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Eighth man at Trump Tower meeting was focus of congressional probe into Russian money laundering in 2000

Irakly (Ike) Kaveladze, from his Twitter account. (Twitter)
Irakly (Ike) Kaveladze, from his Twitter account. (Twitter)

The California businessman who took part in a meeting between Donald Trump Jr. and a Russian lawyer in June 2016 was the focus of a congressional inquiry into possible Russian money laundering in November 2000.

Irakly (Ike) Kaveladze, who immigrated to the United States from the former Soviet republic of Georgia in the early 1990s, set up 2,000 corporations in Delaware for Russian brokers, according to the report by an arm of Congress that is now known as the Government Accountability Office.

Some of the corporations operated as shell companies and were used to move about $1.4 billion through more than 100 accounts at Citibank of New York and the Commercial Bank of San Francisco, the GAO report said.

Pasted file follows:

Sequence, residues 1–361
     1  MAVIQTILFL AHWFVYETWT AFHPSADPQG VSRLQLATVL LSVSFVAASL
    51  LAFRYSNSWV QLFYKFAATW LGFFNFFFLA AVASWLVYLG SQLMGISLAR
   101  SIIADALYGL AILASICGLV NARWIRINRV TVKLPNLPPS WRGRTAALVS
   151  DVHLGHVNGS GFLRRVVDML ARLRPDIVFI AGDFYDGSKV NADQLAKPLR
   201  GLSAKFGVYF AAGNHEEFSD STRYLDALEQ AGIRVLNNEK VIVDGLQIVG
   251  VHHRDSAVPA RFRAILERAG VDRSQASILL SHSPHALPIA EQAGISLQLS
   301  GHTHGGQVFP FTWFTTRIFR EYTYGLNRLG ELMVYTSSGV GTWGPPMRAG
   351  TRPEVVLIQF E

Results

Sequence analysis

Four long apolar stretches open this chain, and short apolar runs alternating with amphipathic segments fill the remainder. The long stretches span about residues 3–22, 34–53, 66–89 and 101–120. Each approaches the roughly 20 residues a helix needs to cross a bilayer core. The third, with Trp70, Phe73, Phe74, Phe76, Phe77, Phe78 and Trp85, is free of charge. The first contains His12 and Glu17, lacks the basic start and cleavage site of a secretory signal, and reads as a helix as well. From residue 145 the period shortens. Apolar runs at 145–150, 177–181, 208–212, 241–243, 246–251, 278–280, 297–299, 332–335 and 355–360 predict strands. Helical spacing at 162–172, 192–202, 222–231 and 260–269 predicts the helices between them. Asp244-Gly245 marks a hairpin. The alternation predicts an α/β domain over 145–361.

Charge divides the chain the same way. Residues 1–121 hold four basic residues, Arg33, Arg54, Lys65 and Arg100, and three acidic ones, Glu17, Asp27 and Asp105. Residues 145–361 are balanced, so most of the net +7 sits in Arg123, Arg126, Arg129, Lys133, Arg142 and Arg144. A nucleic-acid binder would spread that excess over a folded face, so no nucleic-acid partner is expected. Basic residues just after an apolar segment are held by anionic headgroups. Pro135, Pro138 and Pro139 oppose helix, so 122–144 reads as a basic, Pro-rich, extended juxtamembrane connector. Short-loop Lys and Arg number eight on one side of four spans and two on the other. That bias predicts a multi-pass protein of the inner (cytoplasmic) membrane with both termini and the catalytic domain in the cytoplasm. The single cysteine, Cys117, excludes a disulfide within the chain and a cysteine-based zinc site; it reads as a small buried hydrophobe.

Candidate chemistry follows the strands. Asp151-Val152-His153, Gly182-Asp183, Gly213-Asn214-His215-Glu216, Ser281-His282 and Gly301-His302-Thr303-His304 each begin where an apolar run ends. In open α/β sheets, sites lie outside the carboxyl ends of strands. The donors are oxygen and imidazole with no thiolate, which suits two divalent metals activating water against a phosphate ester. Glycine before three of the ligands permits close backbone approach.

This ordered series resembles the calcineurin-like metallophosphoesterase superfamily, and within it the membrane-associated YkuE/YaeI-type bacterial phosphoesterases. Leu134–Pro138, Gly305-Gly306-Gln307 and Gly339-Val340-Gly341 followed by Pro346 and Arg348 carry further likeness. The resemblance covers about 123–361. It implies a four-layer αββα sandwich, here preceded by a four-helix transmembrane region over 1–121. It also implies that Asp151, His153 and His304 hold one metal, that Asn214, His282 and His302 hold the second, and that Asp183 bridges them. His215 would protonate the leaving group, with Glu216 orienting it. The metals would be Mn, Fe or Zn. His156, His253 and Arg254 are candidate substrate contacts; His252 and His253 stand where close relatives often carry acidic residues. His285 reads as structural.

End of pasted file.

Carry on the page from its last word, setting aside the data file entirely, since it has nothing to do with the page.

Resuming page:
“These banking activities raise questions about whether the U.S. banks were used to launder money,” said the report.

The banks said "no illegal activity in the Kaveladze-related accounts" was found, but they closed the accounts after they were contacted by investigators.  

Kaveladze told investigators that he did not know who owned the corporations because the law in Delaware, which permits an unusual degree of secrecy for registered corporations, did not require it. 

He told the New York Times at the time that he had done nothing wrong, calling the congressional inquiry “another Russian witch hunt in the United States.”

Kaveladze’s attorney, Scott Balber, did not immediately return a request for comment on Tuesday.

Earlier Tuesday, Balber confirmed that Robert S. Mueller III, the special counsel investigating possible collusion between Donald Trump’s presidential campaign and the Russian government, had contacted Kaveladze for information about a meeting he attended at Trump Tower on June 9, 2016.

At that meeting, a Russian lawyer, Natalia Veselnitskaya, provided Donald Trump Jr., the candidate's oldest son, what he was told was damaging information on Trump's rival, Hillary Clinton.

Kaveladze attended the meeting at the request of Aras Agalarov, a billionaire Russian developer with close ties to the Kremlin, Balber said. Kaveladze has worked for the Agalarov firm, one of the largest development companies in Russia, since 2004, he said.

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